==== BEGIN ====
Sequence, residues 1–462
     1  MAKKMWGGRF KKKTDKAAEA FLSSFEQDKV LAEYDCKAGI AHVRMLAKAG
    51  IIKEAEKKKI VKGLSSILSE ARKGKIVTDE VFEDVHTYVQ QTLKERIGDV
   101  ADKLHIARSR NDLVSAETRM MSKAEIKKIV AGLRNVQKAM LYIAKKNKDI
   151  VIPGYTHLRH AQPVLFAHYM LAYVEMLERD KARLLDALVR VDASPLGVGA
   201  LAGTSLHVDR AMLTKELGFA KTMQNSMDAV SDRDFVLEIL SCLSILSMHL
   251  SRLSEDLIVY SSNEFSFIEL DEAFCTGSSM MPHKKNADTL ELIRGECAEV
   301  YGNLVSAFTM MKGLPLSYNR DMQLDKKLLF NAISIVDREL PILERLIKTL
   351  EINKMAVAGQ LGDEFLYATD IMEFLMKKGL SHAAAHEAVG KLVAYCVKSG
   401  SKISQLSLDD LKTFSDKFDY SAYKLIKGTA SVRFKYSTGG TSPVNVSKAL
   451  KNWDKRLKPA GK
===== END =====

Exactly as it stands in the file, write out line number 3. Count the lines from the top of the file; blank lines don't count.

    51  IIKEAEKKKI VKGLSSILSE ARKGKIVTDE VFEDVHTYVQ QTLKERIGDV